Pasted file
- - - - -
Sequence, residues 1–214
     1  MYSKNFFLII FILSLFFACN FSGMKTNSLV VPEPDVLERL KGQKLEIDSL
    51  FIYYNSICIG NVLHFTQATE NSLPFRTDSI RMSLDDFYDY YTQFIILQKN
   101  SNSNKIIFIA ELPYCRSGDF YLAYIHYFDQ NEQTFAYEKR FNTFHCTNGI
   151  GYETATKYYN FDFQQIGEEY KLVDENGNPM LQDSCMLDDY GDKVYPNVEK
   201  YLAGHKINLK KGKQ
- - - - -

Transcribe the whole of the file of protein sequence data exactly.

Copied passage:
Sequence, residues 1–214
     1  MYSKNFFLII FILSLFFACN FSGMKTNSLV VPEPDVLERL KGQKLEIDSL
    51  FIYYNSICIG NVLHFTQATE NSLPFRTDSI RMSLDDFYDY YTQFIILQKN
   101  SNSNKIIFIA ELPYCRSGDF YLAYIHYFDQ NEQTFAYEKR FNTFHCTNGI
   151  GYETATKYYN FDFQQIGEEY KLVDENGNPM LQDSCMLDDY GDKVYPNVEK
   201  YLAGHKINLK KGKQ